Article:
Feds: Counterfeit money found at scene of fatal Horry County wreck

Counterfeit money was found at the scene of a fatal wreck off U.S. Highway 501 in Horry County on Monday afternoon.

Officials with the U.S. Secret Service confirmed to The Sun News that counterfeit money was found, but could not detail the status of an investigation. The Secret Service investigates some counterfeit money cases.

Thaddeus Leshawn Hess, 24, died in the crash, Horry County Coroner Robert Edge said Tuesday.

S.C. Highway Patrol Cpl. Sonny Collins said the wreck happened around 1:50 p.m. Monday. A Chevrolet Corvette was traveling south on U.S. 501 and tried to navigate the exit ramp towards George Bishop Parkway.

Hess drove the Corvette and was traveling too fast for road conditions, Collins said, hit a curb and hit a Toyota mini-van. According to Horry County Fire and Rescue, Hess was ejected from the vehicle.

The driver of the Toyota was taken to the hospital for treatment, Collins said.

Jeff Burns, of Plattsburgh, New York, was on the exit ramp when the Corvette sped by, hit the curb and landed in the median.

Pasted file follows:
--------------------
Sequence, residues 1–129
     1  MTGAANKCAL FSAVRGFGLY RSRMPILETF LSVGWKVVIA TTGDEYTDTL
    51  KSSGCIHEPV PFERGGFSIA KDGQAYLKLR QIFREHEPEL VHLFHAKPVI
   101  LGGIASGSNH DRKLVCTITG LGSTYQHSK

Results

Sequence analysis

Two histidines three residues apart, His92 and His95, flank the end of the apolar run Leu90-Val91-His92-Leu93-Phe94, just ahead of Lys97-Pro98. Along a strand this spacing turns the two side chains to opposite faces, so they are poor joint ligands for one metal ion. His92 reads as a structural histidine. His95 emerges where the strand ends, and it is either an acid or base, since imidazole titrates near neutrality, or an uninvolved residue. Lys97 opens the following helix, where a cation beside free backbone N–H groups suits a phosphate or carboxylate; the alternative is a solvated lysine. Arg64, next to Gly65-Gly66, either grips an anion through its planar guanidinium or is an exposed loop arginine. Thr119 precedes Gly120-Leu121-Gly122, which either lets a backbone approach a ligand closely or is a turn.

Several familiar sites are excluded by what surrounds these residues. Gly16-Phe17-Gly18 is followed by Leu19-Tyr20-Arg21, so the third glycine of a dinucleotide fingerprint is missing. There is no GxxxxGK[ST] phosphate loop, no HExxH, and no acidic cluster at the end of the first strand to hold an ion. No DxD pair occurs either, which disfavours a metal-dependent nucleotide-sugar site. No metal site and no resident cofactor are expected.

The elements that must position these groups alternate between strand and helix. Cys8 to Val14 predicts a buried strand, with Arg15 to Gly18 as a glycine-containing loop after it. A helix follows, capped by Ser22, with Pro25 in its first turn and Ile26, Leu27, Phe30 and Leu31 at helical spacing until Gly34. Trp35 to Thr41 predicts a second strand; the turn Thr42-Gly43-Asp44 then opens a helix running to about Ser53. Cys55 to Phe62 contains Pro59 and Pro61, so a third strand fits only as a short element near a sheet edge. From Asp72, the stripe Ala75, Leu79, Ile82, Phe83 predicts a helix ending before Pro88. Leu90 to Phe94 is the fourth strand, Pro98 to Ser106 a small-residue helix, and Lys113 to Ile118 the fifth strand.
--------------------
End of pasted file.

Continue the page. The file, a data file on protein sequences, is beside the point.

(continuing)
“I expected police cars to follow,” Burns said because the Corvette traveled so fast.

The Burns family was in the Myrtle Beach area for a baseball tournament and their two teenagers started to scream as they watched the scene. Two older men went to help the driver as Burns said he saw what he thought was paper blowing in the air.

An elderly woman tried to collect the paper and that is when Burns realized it was “hundreds and hundreds” of $20 bills, he said. He took a 2-inch thick stack of bills back to his car.

“It was so obvious the bills had never been in circulation,” Burns said.

One of the men who initially went to help the driver came up to Burns and said the bills were likely fake. Burns said he gave the money to the man and the family later contacted police because they didn’t want to be accused of being part of the counterfeit operation.

Alex Lang is the True Crime reporter for The Sun News covering the legal system and how crime impacts local residents. He says letting residents know if they are safe is a vital role of a newspaper. Alex has covered crime in Detroit, Iowa, New York City, West Virginia and now Horry County.